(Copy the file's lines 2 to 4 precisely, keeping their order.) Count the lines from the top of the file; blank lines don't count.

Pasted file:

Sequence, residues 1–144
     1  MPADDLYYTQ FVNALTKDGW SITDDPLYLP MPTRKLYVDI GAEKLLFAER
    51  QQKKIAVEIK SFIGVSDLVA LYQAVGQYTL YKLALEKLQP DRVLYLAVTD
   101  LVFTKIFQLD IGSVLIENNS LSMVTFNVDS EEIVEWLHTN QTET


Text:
     1  MPADDLYYTQ FVNALTKDGW SITDDPLYLP MPTRKLYVDI GAEKLLFAER
    51  QQKKIAVEIK SFIGVSDLVA LYQAVGQYTL YKLALEKLQP DRVLYLAVTD
   101  LVFTKIFQLD IGSVLIENNS LSMVTFNVDS EEIVEWLHTN QTET